A scoping review (2017) highlighted that the carer-related evidence base is complex and fragmented. The review not only focused on research evidence but also on wider knowledge, grey literature, expert testimony and reports, and bodies representing carer voices (reference: Henwood M, Larkin M, Milne A. Seeing the Wood for the Trees – Carer-related research and knowledge: A scoping review. Social Care Institute for Excellence 2017). The review focused on carer characteristics, experiences of carers, and the nature and duration of their caregiving including the impact of caring on their health, well-being, and employment, rather than on the effectiveness of specific service interventions.
This is supported by findings from the NIHR Policy Research Programme’s review of international evidence on support for unpaid carers. The review found consistent evidence for formal care services for people with care needs; training and education interventions; support groups and flexible working conditions. The review however, highlighted significant gaps in the evidence base with regards to some interventions, outcomes, and types of caring situation, including cost-effectiveness of interventions (reference: Brimblecombe N, Fernandez JL, Knapp M, et al. Review of the international evidence on support for unpaid carers. Journal of Long-Term Care, 2018; 25–40).
Relevant on-going and published studies
During the development of the brief the following completed and ongoing studies were reviewed that applicants may find useful.
(Please note that the studies identified in no way represent a full literature review and applicants should ensure that they review the completed and ongoing research in this area and explain how their proposal addresses a research gap)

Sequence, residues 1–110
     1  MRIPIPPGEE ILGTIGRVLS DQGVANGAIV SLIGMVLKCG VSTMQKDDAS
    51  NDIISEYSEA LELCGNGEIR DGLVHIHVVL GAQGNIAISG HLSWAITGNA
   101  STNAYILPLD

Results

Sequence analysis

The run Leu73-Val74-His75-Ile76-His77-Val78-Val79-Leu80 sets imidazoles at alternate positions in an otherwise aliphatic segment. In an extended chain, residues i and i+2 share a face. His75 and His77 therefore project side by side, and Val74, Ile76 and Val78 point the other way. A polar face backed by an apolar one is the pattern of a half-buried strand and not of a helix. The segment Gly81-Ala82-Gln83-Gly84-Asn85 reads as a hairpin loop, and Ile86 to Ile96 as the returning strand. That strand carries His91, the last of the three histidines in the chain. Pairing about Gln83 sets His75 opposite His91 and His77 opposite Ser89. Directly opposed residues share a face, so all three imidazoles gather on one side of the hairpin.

The following studies identified are of particular relevance to the call.
- PGfAR NIHR201076 - Adapting and testing an intervention for carers of people with dementia-CARECOACH. CI – George Fox; Start date 01/04/2021; End date 30/09/2026
- Kupeli N, Candy B, Sampson L, et al How do informal carers experience and maintain compassion? A systematic review. PROSPERO 2019 CRD42019134233
- Saw E, Kay-Lambkin F, Fitzpatrick S, et al. What support and interventions exist for informal carers of people with anxiety and depression? A systematic review. PROSPERO 2020 CRD42020147742
- Talbot R, Clibbens N, Berzins K. What works to support informal carers experiencing a mental health crisis: a realist evaluation. PROSPERO 2020 CRD42020197313
- RfPB PB-PG-1014-35062 – Family based support to build capability and resilience in family carers of adults with learning disabilities and challenging behaviours: collaborative research. CI – Tina Cook Completed 2019
- RfPB PB-PG-1216-20022 - Development, refinement, and acceptability of an educational intervention for informal carers of patients with breathlessness in advanced disease (Learning about Breathlessness Study 2: LaB2). CI – Morag Farquhar Completed 2020
- PRP PR-R14-1215-21008 - Supporting carers following the implementation of the Care Act 2014: eligibility, support, and prevention. CI – Jose-Luis Fernandez Completed 2019